the back veggie patch thought I'd give an update on the back veggie patch which I planted a month ago.  As you can see the broccoli is doing well so far (dark green leaves on the left).  I had to brush a lot of butterfly eggs off the leaves early in the autumn when the weather was warm but it seems to have kept the caterpillars away.  The lettuce at the front (light green leaves) is doing OK but the leaves are a bit soft and limp, I don't think they're getting as much sun as they want.  The rocket's doing OK though (two patches of bright green on the right) even though the right-hand side of this patch is pretty shady.  But the peas are doing horribly!  Those little scraps of green at the base of the canes are meant to be peas, but they're tiny.'s compare those peas to the ones I've planted on the front porch.  This is one of my two pots, with four seeds per pot.  Look at how lush and tall it's growing already, because it's got full sun.  I don't think the peas at the back are going to make it ... but hopefully at least their roots are still putting a lot of nitrogen into the soil.

I can't wait for the peas on the porch to start flowering!

new plants in flower new taro and camellia must be happy because they're blossoming!  I don't usually get to see my camellias blossom because the possums eat the buds, but maybe because these bushes are new they didn't get nibbled.  What a lovely blossom!  "Paradise blush" is an appropriate name indeed.'ve never had any of my other taros put out a flower before.  And to be honest they're not exactly a stunning flower, but it's interesting to look at.  I wonder if it blossomed because it was slightly stressed by moving; it did go from a pond to the dirt.  Sometimes plants won't flower unless they're stressed slightly.  But otherwise it looks like a healthy plant so I'm not worried about it carking it. finally, an old plant in flower.  I planted these marigolds back in January to add some colour and attract bees to the back veggie patch.  I thought they'd have died out by now but they just keep flowering and flowering!  I just love them.  Oh and if you look carefully in the top-right corner of this photo, you'll see little sprouts.  It turns out the marigolds are self-seeding; we'll see if they survive the winter but they may be spreading on their own.  I have a feeling it's because I try to pluck off the dead flowerheads to encourage them to keep flowering ... except I can't always be bothered to throw the flowerheads into the compost and so I just drop them on the barkdust.  Surprise!  Some of those flowerheads had seeds in them!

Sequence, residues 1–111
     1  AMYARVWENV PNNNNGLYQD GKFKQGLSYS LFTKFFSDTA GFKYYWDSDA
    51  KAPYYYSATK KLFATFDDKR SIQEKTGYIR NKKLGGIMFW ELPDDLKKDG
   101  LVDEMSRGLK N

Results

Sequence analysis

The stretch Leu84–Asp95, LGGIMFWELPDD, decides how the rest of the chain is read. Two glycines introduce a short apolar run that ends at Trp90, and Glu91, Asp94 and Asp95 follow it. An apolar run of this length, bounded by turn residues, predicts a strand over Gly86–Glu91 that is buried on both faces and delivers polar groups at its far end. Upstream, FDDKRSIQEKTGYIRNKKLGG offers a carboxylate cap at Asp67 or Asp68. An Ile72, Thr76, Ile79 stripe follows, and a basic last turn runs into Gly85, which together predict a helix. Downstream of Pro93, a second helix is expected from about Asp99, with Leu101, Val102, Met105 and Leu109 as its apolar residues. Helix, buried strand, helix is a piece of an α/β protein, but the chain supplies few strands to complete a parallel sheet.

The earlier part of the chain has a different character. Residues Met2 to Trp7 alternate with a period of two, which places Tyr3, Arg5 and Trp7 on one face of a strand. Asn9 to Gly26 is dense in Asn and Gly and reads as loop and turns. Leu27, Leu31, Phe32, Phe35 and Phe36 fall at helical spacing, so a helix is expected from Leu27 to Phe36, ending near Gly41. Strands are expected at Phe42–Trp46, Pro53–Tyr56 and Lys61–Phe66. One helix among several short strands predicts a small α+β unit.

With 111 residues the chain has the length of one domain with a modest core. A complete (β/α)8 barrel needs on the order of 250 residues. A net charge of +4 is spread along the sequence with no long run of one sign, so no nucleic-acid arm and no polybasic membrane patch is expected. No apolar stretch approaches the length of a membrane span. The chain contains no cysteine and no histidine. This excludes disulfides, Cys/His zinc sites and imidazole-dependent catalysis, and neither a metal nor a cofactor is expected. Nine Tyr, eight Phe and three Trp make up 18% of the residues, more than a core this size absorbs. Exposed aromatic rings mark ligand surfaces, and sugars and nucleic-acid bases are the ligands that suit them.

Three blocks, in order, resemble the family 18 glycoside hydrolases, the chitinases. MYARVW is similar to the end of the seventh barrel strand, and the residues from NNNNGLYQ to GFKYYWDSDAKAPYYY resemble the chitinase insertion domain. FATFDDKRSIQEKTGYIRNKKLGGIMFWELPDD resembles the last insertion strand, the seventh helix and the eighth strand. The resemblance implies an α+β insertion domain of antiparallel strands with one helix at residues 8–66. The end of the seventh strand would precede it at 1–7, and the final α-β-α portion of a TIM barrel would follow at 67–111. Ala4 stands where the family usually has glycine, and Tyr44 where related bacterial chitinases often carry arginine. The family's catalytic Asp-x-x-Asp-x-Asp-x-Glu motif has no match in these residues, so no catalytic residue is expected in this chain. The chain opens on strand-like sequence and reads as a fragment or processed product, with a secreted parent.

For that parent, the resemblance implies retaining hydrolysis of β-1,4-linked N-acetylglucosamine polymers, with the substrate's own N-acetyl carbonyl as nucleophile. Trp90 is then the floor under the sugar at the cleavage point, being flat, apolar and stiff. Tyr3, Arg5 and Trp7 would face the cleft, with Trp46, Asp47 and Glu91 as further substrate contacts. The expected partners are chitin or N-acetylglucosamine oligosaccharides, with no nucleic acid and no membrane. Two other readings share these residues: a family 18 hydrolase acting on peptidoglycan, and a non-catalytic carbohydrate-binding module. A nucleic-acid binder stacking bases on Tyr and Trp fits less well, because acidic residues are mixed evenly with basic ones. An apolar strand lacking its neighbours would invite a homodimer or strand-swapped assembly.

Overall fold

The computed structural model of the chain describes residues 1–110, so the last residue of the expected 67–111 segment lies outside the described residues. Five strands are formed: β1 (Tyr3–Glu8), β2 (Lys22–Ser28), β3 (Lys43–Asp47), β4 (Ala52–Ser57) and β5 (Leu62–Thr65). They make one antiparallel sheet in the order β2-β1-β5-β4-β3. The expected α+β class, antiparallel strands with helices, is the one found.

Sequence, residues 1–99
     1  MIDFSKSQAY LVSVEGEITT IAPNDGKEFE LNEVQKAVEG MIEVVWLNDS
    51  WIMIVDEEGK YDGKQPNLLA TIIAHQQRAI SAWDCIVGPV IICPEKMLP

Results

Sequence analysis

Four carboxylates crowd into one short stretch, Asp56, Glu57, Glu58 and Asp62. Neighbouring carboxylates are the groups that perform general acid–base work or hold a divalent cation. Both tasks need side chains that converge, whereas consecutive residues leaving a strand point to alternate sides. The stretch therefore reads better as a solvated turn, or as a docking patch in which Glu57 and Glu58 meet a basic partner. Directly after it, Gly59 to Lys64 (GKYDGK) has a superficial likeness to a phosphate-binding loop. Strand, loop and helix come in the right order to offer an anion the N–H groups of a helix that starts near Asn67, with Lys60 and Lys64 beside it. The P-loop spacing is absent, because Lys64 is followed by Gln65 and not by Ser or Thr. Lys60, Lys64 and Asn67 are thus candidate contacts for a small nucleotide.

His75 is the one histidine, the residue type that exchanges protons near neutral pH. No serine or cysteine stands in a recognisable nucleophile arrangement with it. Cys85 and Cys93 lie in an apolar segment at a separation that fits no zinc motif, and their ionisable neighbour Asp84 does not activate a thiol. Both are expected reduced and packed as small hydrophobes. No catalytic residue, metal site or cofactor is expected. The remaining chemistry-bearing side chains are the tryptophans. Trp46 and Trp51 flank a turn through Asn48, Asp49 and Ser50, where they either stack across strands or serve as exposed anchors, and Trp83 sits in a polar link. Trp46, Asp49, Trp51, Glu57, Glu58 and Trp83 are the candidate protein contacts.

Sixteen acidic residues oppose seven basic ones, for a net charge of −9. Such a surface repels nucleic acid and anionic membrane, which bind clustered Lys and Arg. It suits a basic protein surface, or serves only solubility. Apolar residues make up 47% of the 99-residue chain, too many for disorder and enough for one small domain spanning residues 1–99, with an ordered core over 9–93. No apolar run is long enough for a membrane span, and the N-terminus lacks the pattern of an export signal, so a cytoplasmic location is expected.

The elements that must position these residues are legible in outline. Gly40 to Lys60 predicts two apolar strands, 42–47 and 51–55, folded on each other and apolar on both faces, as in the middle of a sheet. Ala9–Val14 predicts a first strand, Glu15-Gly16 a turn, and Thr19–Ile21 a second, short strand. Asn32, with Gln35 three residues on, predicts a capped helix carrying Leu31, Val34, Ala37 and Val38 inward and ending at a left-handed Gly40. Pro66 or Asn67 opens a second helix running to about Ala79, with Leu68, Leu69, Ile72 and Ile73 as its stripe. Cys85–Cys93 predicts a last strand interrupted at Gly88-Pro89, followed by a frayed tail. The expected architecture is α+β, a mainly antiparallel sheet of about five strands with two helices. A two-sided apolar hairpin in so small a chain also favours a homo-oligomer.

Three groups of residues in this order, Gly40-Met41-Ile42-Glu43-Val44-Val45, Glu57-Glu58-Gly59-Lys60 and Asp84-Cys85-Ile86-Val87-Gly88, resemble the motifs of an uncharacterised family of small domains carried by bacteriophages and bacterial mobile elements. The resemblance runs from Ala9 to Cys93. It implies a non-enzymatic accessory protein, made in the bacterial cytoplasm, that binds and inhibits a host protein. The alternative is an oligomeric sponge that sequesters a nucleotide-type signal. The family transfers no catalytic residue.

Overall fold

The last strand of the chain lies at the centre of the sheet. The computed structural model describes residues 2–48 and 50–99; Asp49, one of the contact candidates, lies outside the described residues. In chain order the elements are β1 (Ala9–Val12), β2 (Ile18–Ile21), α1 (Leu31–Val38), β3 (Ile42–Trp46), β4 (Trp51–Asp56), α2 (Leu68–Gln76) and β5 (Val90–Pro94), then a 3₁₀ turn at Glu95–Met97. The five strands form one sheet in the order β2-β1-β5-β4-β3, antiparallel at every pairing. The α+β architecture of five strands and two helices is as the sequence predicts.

more autumn in the garden

My sad little maple doesn't have many leaves to turn colour, but it's doing its best.
And here's the progression of the grape vine over the last week or two.
And finally, a close-up that I've now set as my computer's desktop background.